Built to Spill

The New Built to Spill CD finds reluctant guitar god singer/songwriter Doug Martsch taking a different tack. No, the studio techniques perfected by Martsch and producer Phil Ek retains its larger-than-life, orchestral-like sound. It’s the songwriting that’s changed.

Martsch no longer jams for hours on end until he finds the perfect melody, rather he sticks to his first impressions, and it shows. The songs are simpler and cleaner on this release ���� riffing is more apparent and noodling is at a minimum. Make no mistake, Martsch’s fingers still travel miles of string, and the texture is the same, but it sounds as if Martsch is more concerned with his critics’ charges of self-indulgence than he is with being true to himself.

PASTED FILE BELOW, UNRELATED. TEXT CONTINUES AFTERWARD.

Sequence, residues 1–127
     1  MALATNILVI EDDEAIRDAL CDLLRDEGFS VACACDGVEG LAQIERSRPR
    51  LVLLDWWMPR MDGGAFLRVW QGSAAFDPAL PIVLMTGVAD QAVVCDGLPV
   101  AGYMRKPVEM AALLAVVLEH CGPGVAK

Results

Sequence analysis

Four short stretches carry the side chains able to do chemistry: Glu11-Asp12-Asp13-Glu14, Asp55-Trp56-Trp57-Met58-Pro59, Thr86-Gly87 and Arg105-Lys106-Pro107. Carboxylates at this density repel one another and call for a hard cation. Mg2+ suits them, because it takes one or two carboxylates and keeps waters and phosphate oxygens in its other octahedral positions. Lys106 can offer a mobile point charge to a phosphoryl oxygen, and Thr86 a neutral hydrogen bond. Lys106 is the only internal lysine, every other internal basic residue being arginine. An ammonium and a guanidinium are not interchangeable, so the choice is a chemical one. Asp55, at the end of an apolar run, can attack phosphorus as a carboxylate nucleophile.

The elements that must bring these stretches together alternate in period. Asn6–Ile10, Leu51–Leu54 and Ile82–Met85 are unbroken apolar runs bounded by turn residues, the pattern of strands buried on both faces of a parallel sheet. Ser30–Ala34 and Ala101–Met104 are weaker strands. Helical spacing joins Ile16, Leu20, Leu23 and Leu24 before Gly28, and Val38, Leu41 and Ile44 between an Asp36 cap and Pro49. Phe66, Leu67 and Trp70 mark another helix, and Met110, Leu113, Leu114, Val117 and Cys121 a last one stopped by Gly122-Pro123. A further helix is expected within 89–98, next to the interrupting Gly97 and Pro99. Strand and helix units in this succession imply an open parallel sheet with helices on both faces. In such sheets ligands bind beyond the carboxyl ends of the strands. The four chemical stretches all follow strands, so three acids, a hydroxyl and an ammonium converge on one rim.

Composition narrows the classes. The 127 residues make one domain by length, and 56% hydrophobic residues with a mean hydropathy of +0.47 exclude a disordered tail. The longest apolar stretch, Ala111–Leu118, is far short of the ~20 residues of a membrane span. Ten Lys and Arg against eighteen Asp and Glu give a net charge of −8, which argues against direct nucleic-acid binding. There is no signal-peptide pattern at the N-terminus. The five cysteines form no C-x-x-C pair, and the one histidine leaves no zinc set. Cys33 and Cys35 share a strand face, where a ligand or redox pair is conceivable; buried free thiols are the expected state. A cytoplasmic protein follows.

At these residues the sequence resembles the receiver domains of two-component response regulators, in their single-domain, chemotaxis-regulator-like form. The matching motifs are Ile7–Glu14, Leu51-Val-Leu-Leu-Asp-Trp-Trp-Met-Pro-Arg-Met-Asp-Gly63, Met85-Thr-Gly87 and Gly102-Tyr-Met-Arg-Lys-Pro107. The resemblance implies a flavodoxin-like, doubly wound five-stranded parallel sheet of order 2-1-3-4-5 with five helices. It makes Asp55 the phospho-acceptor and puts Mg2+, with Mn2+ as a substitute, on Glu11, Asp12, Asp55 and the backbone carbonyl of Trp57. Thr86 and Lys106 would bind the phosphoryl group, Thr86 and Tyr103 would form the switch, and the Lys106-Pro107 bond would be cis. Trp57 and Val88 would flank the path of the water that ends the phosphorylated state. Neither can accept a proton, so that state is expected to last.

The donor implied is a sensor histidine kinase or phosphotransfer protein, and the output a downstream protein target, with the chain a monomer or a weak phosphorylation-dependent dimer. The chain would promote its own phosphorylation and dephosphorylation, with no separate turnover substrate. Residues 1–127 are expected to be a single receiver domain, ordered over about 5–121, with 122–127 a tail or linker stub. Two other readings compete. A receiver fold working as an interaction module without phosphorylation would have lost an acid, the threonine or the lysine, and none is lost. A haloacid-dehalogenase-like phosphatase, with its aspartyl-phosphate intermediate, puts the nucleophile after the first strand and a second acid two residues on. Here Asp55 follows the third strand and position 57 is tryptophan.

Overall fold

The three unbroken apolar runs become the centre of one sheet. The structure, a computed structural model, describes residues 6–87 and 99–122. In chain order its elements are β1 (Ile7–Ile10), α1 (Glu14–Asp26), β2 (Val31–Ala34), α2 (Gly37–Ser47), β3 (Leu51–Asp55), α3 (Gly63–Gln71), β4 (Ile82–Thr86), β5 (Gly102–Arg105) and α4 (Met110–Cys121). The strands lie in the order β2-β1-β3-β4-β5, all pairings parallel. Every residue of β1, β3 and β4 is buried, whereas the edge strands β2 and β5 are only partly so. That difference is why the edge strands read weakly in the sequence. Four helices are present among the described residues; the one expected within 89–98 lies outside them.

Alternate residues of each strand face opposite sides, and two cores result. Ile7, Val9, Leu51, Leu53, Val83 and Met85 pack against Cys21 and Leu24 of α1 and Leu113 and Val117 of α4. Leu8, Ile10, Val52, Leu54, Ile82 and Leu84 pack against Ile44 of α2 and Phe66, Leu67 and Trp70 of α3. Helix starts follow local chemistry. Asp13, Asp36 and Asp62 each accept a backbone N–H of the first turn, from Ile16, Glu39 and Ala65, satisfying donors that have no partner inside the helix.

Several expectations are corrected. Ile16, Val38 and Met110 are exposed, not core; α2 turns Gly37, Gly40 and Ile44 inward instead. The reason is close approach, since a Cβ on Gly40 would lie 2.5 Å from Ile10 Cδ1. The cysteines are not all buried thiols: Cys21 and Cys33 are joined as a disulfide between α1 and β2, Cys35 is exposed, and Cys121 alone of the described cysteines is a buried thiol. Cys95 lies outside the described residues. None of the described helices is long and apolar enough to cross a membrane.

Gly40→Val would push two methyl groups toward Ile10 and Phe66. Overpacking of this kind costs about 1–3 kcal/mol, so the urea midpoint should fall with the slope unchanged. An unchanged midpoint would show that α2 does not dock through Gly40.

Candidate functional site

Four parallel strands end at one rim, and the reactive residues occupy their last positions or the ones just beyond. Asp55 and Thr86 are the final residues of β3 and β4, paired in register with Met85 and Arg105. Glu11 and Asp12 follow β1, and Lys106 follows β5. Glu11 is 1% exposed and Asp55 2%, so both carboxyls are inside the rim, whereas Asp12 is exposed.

The return to simpler song structures, a la 1994’s There’s Nothing Wrong With Love, (no, it’s not that good) leaves us wanting more. The majority of the cuts are mid-tempo, plodding offerings.

Where the record succeeds is when Martsch turns it up a notch, as on “Happiness,” an almost Stonesy rocker that is a welcome surprise, and reminds us what Built To Spill could be if Martsch wasn’t afraid to rock out a bit.